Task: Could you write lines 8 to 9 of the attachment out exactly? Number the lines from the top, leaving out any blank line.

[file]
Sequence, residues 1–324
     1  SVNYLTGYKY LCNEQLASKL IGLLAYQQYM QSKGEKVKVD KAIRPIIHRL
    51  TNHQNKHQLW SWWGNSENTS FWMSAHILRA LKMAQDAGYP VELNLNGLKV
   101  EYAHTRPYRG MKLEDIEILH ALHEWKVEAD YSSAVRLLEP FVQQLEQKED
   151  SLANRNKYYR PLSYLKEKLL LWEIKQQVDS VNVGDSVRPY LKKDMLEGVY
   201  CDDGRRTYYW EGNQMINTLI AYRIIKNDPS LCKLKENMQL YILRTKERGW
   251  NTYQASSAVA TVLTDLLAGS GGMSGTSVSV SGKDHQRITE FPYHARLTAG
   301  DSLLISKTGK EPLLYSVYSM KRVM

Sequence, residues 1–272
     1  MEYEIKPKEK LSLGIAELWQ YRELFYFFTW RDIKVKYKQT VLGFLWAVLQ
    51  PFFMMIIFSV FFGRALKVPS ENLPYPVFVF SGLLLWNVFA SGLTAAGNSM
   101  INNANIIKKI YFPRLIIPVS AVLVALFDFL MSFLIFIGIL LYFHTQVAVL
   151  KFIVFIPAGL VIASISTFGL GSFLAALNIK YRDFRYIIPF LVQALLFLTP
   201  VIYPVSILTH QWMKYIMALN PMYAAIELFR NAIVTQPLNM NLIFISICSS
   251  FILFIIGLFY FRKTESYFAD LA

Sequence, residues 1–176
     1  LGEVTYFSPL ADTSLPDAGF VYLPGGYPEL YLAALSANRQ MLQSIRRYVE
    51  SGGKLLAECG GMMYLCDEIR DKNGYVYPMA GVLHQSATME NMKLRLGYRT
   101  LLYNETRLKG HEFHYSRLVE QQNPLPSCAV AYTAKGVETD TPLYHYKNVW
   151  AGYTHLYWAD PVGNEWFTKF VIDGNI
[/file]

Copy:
   301  DSLLISKTGK EPLLYSVYSM KRVM

Sequence, residues 1–272